“Chicago’s neighborhoods have always been the city’s greatest strength." — former Chicago Mayor Jane Byrne, 1979 to 1983.
Maybe you remember me.
Back when Mayor Daley was still boss, I did a stint in the City Hall press room for the Daily Southtown writing about how the city works — a job that included field trips all over town to see Daley cut ribbons, shake hands and avoid tough questions.
For a while, I was the guy in the front row at CTA board meetings breaking news for the Chicago Sun-Times about trains, fare hikes and Frank Kruesi.
And I had a desk at the Daley Center with a great view of the Picasso back when I told readers that Cook County Board President Todd Stroger had again made himself a laughingstock by hiring a steakhouse busboy who just couldn’t stay out of jail.
Those were great times that produced a lot of front-page stories. But the best beat I ever had as a newspaperman didn’t come with a press room desk, include press van field trips and boring government meetings, or put me this/close to the most powerful people in town.
I found some of my favorite stories while reporting on Chicago neighborhoods, the folks who live there and what they’re up against. A lot of those stories landed on the front page, too. But too often interesting tales of real Chicagoans got lost on the inside pages — and over the years became a rarity.
I live for telling those stories. They’re out there on the streets where we live, and you can’t find them when you’re chained to a desk.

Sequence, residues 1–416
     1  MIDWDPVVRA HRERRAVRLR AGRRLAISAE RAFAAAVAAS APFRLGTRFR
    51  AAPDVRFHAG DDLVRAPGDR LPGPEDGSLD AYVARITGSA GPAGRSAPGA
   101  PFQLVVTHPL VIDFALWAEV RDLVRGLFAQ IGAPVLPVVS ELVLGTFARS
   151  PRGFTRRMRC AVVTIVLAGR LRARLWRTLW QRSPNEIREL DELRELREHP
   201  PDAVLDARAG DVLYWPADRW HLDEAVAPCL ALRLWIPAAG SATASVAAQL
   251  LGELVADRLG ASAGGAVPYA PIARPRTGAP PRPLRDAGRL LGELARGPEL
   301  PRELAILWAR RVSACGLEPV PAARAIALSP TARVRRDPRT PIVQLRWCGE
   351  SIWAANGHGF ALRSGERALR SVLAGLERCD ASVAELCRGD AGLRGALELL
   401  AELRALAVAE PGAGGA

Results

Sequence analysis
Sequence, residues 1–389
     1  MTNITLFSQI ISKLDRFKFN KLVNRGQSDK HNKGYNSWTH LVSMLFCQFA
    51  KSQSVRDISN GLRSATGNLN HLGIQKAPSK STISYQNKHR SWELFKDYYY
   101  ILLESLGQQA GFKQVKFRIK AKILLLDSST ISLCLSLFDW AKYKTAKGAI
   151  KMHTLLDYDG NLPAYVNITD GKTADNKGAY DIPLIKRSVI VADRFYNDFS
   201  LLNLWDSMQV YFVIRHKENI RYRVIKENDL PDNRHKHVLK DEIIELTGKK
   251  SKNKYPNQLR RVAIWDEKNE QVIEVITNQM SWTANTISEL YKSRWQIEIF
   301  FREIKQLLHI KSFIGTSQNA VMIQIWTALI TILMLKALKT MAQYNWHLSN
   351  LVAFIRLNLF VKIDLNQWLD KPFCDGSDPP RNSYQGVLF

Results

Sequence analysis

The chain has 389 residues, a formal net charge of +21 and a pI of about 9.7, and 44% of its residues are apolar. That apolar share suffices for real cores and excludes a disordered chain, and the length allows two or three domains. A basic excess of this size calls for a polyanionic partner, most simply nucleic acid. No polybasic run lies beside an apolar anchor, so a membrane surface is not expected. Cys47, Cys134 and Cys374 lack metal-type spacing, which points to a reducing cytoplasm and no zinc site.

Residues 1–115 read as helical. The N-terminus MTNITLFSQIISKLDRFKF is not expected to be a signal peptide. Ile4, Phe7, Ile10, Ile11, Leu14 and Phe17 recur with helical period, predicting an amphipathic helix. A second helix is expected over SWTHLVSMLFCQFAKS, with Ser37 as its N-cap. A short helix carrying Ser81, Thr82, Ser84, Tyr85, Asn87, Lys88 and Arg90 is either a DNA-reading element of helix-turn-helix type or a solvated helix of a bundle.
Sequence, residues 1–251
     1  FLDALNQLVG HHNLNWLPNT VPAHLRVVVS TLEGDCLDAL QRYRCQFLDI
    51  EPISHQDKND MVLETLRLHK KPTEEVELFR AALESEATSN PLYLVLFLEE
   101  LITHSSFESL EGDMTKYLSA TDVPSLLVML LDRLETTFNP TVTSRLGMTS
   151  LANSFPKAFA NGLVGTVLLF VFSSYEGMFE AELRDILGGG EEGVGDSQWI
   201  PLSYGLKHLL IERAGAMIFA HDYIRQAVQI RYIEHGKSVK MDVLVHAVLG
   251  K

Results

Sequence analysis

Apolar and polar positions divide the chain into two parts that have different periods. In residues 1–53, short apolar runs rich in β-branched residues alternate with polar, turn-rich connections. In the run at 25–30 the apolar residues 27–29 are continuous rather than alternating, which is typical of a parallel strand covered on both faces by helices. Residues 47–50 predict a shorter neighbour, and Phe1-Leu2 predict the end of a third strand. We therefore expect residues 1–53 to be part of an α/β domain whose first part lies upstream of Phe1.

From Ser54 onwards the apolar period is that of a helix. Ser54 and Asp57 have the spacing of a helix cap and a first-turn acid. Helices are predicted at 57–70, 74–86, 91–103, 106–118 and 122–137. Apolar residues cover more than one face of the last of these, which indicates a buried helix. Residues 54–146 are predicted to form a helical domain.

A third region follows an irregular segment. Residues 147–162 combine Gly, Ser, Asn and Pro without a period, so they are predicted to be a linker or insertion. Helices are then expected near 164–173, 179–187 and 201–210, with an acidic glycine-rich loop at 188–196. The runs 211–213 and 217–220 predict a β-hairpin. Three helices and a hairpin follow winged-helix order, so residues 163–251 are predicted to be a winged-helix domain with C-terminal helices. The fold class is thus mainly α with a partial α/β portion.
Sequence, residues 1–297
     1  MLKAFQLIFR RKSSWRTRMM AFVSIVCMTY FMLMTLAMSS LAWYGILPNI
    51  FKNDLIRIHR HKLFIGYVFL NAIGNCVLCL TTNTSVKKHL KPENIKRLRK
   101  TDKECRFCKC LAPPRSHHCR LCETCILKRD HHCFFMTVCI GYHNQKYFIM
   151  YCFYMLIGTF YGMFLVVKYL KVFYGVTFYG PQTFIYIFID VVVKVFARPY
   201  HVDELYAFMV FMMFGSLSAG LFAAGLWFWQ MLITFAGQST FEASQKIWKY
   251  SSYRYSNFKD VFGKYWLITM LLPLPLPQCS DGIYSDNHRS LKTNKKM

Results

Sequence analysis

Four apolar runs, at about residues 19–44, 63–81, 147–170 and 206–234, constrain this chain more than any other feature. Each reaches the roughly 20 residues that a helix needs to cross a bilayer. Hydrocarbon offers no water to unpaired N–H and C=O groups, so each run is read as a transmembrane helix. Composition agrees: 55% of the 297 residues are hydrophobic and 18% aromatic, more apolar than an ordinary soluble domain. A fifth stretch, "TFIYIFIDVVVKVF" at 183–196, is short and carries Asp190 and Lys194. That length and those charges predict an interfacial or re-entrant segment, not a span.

I left that big paper on the river to get back to writing about the Chicago that you can’t see from City Hall. Real Chicago. If you live here, you know what I mean.
But if you’re a bit skeptical about a neighborhood news organization with a funny name that hails from New York City, of all places, I completely understand.
I was skeptical about DNAinfo.com at first, too.
Plus, we all know that New Yorkers can be — let’s not sugarcoat it — know-it-all jerks who thumb their noses at deep-dish pizza, among other Chicago things.
So that’s why, on behalf of our city, I took it upon myself to give the joint a proper Chicago vetting on my first day on the job.
I took DNAinfo NYC’s Managing Editor Mike Ventura — a Brooklyn man who likes beer, booze and giant sandwiches — to my favorite bar, the joint where Mayor Rahm Emanuel once wiped “schmutz” out of my beard, and ordered him a Schlitz “Tall Boy" and a shot of Jeppson’s Malort.
Malort, of course, is the most foul shot of swill Chicago can muster. It's a Swedish-style booze made in Chicago and only served here. Once a workingman’s shot, it recently became nationally infamous as our city’s hipster toast of choice, even though it tastes like feet and dirty baby wipes.
Brooklyn Mike rightly expressed concern when I didn’t order myself one. I insisted that I had nothing to prove and if this NYC online news venture was going to work in Chicago it was his duty to take a leap of faith — and the shot.
Without hesitation, he lifted the golden liquor to his lips, pounded it back and smiled — a grin that lasted only for a second.
Malort’s pungent aftertaste — black licorice, glass cleaner and horse urine — punched him in the palate.
Brooklyn Mike made a sour face, but I’m proud to report he didn’t choke, cry or vomit. And he’s still telling his pals in the Big Apple the story of his night of Chicago barroom bravery that earned my trust enough for me to find out that he's built an award-winning newsroom back in New York.
There's a thing about risks — whether we’re talking about my jump to DNAinfo or Brooklyn Mike’s Malort experience: If you don’t take the shot, you’ll miss out on a good story.
Brooklyn Mike and me — and the 20 DNAinfo reporters dispatched in neighborhoods all over the city — we’re in it for the stories. Our stories — even the ones the big papers don’t always find important enough to tell.
So, I hope to see you out in the neighborhoods — always “Chicago’s greatest strength.”
The stories we find there will be ours.